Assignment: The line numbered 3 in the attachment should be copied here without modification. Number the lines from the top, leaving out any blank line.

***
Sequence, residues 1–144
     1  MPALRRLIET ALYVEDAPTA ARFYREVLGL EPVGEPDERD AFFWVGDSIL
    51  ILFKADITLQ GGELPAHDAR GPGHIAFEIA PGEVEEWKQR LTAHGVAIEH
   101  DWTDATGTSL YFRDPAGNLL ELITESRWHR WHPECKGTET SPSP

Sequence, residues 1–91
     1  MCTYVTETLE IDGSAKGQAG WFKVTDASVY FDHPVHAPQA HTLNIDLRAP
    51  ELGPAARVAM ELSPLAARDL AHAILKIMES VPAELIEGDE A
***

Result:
    51  ILFKADITLQ GGELPAHDAR GPGHIAFEIA PGEVEEWKQR LTAHGVAIEH